As children grow, they learn how to live by watching and imitating their parents, whether that’s through word or deed.
As a mother of two boys, Aimee Bissell hopes to be that example in the field and in life.
“When they were young, I got to thinking that I want those boys to marry somebody that’s strong, independent but also really supportive of their spouse,” she said. “The best way for me to achieve that for them is to show them what it looks like. That’s why I want to be the best mom I can be, the best wife and best supporter I can be in whatever fashion that looks like.”
Bissell farms with her husband Klint near Bedford, Iowa, with their two sons, Braydon, 17, and Tucker, 13. Aimee said the boys are definitely taking after their parents and always thinking about farming, even when they are at school. As Braden and Tucker have grown, they have continued to assist their parents in the field.
As a mother, Aimee said she couldn’t ask for more.
“It’s pretty much all they think about,” Aimee said. “The role I have in the spring, I love it. I don’t run either planter. I get to watch it all happen. I like planning and organizing — that’s fun for me. So I make sure the seed tender has the correct seed in it and that means I get to interact with each of them multiple times a day.”
She said taking on what she called the “gopher” role, going back-and-forth getting them set up with what they need, allows her to stay a big part of her sons’ lives even during the busiest times of the year.
Aimee is a licensed respiratory therapist and has worked in a hospital for nearly 20 years in addition to farming. However, she recently decided to focus entirely on farming and the family, as the hours were cutting into what she wanted to be doing.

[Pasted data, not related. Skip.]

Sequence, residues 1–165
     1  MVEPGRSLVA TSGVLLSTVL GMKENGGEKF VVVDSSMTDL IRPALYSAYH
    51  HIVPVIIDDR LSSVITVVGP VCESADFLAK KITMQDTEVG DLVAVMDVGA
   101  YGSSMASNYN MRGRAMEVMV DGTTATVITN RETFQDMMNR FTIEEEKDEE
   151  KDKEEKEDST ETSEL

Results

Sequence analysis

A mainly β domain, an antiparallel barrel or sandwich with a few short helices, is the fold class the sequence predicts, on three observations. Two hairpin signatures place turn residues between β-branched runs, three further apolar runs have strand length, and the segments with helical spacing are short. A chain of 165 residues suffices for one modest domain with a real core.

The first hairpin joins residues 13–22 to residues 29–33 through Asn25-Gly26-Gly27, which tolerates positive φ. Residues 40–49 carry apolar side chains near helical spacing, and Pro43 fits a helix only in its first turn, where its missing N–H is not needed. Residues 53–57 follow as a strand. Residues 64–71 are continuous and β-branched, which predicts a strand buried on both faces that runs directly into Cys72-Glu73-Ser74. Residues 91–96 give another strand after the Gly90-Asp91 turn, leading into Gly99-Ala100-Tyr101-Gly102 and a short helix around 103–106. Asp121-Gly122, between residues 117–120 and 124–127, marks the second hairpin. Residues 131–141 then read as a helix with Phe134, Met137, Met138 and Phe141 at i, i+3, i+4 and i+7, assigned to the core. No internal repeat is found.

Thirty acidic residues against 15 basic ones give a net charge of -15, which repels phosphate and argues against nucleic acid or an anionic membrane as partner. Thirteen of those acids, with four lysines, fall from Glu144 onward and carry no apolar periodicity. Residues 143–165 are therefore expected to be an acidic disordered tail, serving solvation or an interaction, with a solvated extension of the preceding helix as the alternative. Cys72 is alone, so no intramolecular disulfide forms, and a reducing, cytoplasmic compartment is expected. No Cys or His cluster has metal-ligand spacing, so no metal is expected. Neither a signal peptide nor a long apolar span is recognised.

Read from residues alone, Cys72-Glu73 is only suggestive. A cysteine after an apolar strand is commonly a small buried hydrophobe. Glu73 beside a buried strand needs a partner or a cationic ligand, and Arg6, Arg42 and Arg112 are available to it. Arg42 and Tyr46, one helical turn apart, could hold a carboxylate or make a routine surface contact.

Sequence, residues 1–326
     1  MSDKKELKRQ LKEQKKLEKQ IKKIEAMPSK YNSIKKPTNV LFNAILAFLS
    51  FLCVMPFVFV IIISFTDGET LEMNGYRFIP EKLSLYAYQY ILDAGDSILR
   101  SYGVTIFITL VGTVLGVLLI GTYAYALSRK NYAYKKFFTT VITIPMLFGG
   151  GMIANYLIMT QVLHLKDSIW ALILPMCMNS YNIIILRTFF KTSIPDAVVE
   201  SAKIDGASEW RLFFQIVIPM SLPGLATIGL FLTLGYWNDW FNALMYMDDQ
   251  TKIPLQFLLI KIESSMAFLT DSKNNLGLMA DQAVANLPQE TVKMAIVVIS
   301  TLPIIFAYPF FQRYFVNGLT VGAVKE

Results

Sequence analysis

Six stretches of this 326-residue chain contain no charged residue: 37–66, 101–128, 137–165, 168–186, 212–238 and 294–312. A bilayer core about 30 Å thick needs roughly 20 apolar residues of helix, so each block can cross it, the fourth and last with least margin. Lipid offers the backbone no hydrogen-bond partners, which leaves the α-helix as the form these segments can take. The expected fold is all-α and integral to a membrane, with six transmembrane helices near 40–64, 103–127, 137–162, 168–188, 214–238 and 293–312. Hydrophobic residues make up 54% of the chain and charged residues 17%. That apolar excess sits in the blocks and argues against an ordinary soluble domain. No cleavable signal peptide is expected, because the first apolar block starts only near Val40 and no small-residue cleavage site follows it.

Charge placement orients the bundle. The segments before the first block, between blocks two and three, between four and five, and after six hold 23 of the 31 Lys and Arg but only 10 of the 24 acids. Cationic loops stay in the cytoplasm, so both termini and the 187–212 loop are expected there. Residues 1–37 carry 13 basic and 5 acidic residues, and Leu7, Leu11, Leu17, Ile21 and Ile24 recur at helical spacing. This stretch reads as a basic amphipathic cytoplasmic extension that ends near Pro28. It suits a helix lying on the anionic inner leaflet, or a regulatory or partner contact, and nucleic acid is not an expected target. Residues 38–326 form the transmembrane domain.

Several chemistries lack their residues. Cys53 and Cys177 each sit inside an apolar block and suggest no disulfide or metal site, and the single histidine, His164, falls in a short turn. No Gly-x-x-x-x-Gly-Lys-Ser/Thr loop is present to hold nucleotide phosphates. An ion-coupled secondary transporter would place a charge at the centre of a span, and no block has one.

“I chose not to continue that lifestyle of having that 12-hour shift job and taking calls and having that responsibility,” Bissell said. “I wanted to have a lot more control over my life and their lives. We wanted more control over our own success.”
Bissell said she hopes to teach her sons life skills by having them involved in many aspects of the operation. Teaching communication and holding a relationship with dealers is something that can only be taught through experience. She said being organized is also a key skill she wants to pass along, as office work can be a “leaky area” for some operations.
“That’s not always the stuff they would like to do, but I get to teach the boys how important that stuff is,” she said. “We can increase our bottom line just by some of the documentation we do and the research we are able to do on a farm. But it takes time in an office to do that.”
While the boys will ultimately decide where their life’s path will take them, if they decide to continue farming, Aimee said she hopes the farm will be able to help them get a start wherever they decide to go.
“It’s fun,” she said. “It’s so cool to just look at what we are creating. We are borrowing this farm ground from our children, or that’s how we see it. Some of their fondest memories as they get older and have children of their own will include us on the farm. Not a toy, not a trip we took, but the livelihood we built for them.”